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Lolo calls BoH closure devastating to territory

Governor-elect Lolo Matalasi Moliga has described as “devastating” and “very sad” Bank of Hawai’i’s plans to close down its two branches in American Samoa early next year, leaving only one bank to serve the banking needs of the territory.

BoH announced in a statement late Friday the closure of its local operation sometime “late in the first quarter of 2013”, which means sometime in March of the new year. The news prompted concerns from local residents, including the private sector, as to the impact it will have in the territory once BoH closes down.

Reached by telephone after 5 p.m. Friday, Lolo said the proposed closure of BoH locally is a “very sad situation” and this move by the Honolulu-based financial institution is “going to be devastating to American Samoa.”

But he added, “we need to find a way to intervene so they will not leave, and try to get to the bottom of the serious issues faced by the bank as to their reason for closing down. If it's local policies, we can work on addressing those issues.”

Hobbs Lowson, vice president and district manager for BoH in American Samoa, said in the BoH statement last Friday that the bank in 2000 made the decision to "centralize its footprint back to our core Hawaii and Guam markets, but opted to also keep a presence in American Samoa, where we felt we could deliver the appropriate level of service.”

“However, it’s become increasingly difficult to maintain that strategy in American Samoa due to its geographic isolation from our other markets,” he said and noted that the bank is working with local government officials and ANZ Amerika Samoa Bank... to help ensure customers’ banking needs continue to be met. (See Saturday’s edition for full details of the bank’s statement.)

Responding to separate inquiries, Lowson told Samoa News last Friday evening that acting governor Fepuleai A. Ripley Jr. was informed of the bank’s decision during a meeting and BoH customers are being sent “notification letters” from Honolulu about the closure.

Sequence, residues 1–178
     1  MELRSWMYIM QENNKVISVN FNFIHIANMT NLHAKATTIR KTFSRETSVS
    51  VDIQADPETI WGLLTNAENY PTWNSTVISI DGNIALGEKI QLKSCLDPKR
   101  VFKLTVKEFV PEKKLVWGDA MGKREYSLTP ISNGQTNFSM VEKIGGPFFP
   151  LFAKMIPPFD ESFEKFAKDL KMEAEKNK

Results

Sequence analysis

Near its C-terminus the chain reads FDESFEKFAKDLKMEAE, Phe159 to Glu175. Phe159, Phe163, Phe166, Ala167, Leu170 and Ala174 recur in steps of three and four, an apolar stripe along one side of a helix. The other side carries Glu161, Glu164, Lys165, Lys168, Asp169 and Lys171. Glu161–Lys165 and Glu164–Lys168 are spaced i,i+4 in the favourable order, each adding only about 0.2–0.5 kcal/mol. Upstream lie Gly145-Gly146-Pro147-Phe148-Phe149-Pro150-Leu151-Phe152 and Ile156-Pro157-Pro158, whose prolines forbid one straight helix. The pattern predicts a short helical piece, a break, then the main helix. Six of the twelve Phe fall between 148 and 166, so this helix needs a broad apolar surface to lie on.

Lowson, however, declined to reveal the bank’s total number of customers in the territory, citing bank policy.

Gov. Togiola Tulafono is enroute to the territory — arriving tonight from Honolulu — following off island meetings with officials of the Taiwanese government in Taipei. It's unclear at this point if the governor will have a chance to meet today with BoH officials in Hawai’i before heading home. 

As of yesterday afternoon, there was no official statement from the Togiola Administration over BoH’s decision.

Lolo, the former president of the Development Bank of American Samoa, did point out that the two local banks are faced with financial difficulties in the territory, due to a 'not so good' local economy, which has affected everyone. He further noted the weak global economic crisis.

Concerning the plan for BoH's closure,  Samoa News asked Lolo if his incoming administration will seek to attract another U.S. bank to enter the local market. Lolo said he cannot comment on this issue at this time “until we get to the bottom of the real situation and problems encountered by the bank.”

Lolo said, “I hope there is something to be done to convince BoH to remain here for a very long time, but again, we must find out from the bank some of the issues they faced.”

Responding to Samoa News requests for comments about the bank’s plans, local Chamber of Commerce chairman David Robinson said that before the Chamber puts out an official statement, members of the executive board need to meet with BoH and ANZ management “so we understand the plans for the way ahead.”

“Obviously this a great disappointment, and perhaps a reflection, and  the consequences, of  the depressed state of our economy,” Robinson said over the weekend.

This latest blow to the local economy with the BoH closure is expected to be raised during Wednesday's Chamber general membership meeting.

In February of last year, the bank closed its Pavaiai branch, leaving only the main branch in Utulei and the second one at the Tafuna Industrial Park. Customers and staff at Pavaiai were consolidated with the other two branches.

The Utulei branch is located inside the Centennial Building, which is owned by the ASG Retirement Fund, who will lose a major tenant as the bank occupies the entire first floor.

BoH holds ASG’s general fund account, which is the same account that is in the middle of the garnishment legal battle at the federal court in Honolulu and the subject of two ASG lawsuits against the bank in the High Court of American Samoa.

(Read story on update of the legal battle in this issue)